"You're talking to the very tippy top of the pile," Chatty said with a note of pride. "We don't have leaders as such, more a desire to move and the will to do it. Call it a biological impreative. We go to a new place, make a bit more of ourselves, and then go onto the next place. Why make it more complicated than that by putting down a Dunk'n'Hasphrat every other light year? We just like to travel."

"Understandable," Meilin said. "Cultures which can achieve true and peaceful anarchist coexistence are rare jewels. How many starjammers shall we expect, when should we expect them, and how long until you move on?"

"A smidge difficult to judge. Some can be early, like us, others late, some very punctual. It depends what they find on their travels, what problems they faced, other things like that. I'd say...and you'll have to forgive my approximation here, your units of time take a little converting to useful measurements for us. Say... the last one should show up around 2489? 2500 by the most." Chatty said. "As for starjammers, maybe upwards of ten thousand? Probably not more than twenty thousand."

"That's...not an insignificant amount," Ingram said slowly.

Everybody else seemed suspicious, but Mara liked these builders. They seemed friendly, after all. “As long as they don’t use up the whole gas giants, I don’t think we’ll have any problems,” she put in. “You won’t use them up, will you?”

"No promises. And we tend to make sure we don't use them up to the point where their ecological niche would become redundant. No point having a gas giant sweeping the outer system clear of rocks if it's no longer there," Chatty said, gesturing with one of its 'arms'. In the direction they pointed, one of the large Shovel Heads had returned, carrying a deep bottomed tray. "This one will take you back out to the hull, and then I think you can make your way back to your ship. There's also a fragment of hull cladding there, you might find it interesting and it will also act as a comm's relay through the magnetic beacon we're using."

Meilin wasn't convinced yet, but she was absolutely intrigued. "Will each starjammer have its own counterpart to your good self, or are you the official mouthpiece for your people?"

Lu'kat listened intently to all that the creature had to say and came to the conclusion that they were in fact conversing with nothing more than a talking parasite intending to consume the planets in this system for over the next 100 to 150 years or so, before moving on. Not to mention the thousands of space vessels passing through the area. This was a calamity for the Long Jump Project. But perhaps there were ways to turn this calamity into an opportunity.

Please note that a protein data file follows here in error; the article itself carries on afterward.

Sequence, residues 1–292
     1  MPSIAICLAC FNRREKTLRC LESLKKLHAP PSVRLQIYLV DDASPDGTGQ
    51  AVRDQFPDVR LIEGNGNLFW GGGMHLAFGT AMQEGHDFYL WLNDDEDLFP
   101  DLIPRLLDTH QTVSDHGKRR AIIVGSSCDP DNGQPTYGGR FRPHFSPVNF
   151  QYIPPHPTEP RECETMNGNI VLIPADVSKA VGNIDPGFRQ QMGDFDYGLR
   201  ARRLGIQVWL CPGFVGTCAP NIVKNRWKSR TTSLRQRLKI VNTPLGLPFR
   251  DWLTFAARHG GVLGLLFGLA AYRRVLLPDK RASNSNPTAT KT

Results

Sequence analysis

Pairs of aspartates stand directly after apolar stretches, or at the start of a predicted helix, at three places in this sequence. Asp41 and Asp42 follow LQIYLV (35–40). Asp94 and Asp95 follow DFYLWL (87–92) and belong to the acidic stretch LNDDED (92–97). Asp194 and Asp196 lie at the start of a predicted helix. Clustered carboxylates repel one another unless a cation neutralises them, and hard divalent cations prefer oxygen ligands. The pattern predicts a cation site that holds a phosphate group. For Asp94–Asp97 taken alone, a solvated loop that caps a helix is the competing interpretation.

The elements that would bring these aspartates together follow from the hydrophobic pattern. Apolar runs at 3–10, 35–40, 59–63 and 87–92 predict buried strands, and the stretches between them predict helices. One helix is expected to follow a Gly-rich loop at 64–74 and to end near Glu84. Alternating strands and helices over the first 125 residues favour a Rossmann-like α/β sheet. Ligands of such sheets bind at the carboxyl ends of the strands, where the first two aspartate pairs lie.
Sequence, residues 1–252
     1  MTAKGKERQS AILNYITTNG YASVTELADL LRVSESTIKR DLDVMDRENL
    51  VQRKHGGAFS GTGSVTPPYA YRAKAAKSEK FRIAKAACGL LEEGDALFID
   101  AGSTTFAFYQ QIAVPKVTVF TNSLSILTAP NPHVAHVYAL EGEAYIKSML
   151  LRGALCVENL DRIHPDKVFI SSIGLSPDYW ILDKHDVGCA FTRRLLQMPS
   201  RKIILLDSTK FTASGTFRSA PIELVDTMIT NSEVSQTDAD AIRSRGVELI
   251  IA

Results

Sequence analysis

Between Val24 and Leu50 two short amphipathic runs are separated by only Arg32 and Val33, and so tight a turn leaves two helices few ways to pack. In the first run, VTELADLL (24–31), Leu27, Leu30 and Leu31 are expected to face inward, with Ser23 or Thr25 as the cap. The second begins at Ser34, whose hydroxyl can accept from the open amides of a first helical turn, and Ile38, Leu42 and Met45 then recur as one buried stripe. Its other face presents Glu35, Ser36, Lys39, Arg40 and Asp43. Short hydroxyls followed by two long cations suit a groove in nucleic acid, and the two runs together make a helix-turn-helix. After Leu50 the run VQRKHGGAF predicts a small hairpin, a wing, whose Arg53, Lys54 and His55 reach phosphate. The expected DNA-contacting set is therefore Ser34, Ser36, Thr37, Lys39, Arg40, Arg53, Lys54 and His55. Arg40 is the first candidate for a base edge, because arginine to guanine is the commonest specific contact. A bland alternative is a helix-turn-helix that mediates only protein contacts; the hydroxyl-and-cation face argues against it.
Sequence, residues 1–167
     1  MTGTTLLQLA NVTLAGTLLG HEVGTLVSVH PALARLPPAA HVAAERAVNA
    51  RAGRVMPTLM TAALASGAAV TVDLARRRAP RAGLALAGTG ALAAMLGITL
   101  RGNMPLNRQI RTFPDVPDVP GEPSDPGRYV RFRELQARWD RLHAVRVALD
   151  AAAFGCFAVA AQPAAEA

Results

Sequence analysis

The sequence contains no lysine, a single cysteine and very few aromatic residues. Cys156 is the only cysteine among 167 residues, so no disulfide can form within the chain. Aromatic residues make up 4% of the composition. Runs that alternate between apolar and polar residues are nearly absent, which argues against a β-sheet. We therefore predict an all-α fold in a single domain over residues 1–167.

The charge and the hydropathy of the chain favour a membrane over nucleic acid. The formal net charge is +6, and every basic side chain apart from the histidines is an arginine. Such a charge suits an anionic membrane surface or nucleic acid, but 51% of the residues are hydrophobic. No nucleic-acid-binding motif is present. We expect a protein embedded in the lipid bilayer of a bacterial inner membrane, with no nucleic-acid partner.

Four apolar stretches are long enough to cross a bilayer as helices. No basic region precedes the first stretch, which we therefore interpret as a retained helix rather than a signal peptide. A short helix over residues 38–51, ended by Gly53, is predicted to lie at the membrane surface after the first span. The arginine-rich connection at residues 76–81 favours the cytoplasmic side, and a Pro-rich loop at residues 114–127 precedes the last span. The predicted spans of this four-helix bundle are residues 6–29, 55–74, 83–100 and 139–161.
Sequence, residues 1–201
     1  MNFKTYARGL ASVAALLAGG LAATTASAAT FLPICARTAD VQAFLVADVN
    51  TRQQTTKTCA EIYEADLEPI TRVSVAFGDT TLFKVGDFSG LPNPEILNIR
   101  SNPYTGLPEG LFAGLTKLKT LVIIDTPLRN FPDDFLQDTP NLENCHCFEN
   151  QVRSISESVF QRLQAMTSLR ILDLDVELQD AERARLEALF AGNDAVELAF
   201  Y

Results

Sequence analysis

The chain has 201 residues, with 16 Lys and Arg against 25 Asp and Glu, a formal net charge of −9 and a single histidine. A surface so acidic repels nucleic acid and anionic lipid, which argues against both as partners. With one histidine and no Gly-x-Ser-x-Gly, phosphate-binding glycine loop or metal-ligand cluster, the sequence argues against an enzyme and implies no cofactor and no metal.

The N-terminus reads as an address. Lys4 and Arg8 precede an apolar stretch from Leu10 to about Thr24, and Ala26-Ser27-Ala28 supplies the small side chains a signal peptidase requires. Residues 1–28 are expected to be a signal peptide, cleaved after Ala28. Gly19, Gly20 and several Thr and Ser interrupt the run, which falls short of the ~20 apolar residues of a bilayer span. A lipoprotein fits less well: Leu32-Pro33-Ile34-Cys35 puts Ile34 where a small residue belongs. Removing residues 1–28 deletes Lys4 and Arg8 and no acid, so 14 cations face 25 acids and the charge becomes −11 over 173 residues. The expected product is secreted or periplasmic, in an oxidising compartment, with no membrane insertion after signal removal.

"You do understand that your presence and actions here will have a significant impact upon Starfleet and Cardassian objectives. How have you dealt with such matters in the past? What happens to the civilisations within the systems you.... travel through?"

"We don't seek conflict. But we only use what's not being utilised," Chatty said. "After all, these two ice giants don't have fusion grade fuel isotopes, and ammonia really is an acquired taste. If the make-up of the waste gases your suits are giving off is any indication, then ammonia to you is a burning death. Not fun, not good. But we do know the value of trade. And I think you'll find us all equally Chatty."

The figure laughed again.

"Ahh human humour, it's fun. But like I said, we're at a good place to end our first meeting. Next time, how about we do it in place where you don't have to wear tiny armoured suits? You know, have nibbles and drinks. Make a thing of it?" Chatty waved a pudgy arm. "I think with some time we can make something a little more friendly-looking."

"Count me in," replied Mara with a grin. "Unless I'm hallucinating this, I'd say it sounds like a good time."

"Sounds like a plan," Chatty said. "Now, let's get you back to where you need to be and we can get on with becoming good neighbours."

Lu'kat, a suspicious being by nature (and nurture), was not assured by the creature Chatty. A 'good neighbour' would have at least knocked on your front door before deciding unilaterally to transform your backyard into an intergalactic industrial processing centre.... On the other hand, if they moved their kotra pieces strategically (Cardassian equivalent of 'playing your cards right'), there might be something to gain, allies against the Myriad for one...

"If your words are genuine and it is your intention to remain here in foreseeable future, might I propose setting up an Embassy upon Canopus station, to facilitate communications, trade and engage in diplomatic matters?"

"That sounds like fun. Look at you, all diplomatic whilst also focusing on the socioeconomic rationale for you being here in this star cluster." Chatty said with a note of pride in its voice. "I look forward to seeing what else we can learn from each other."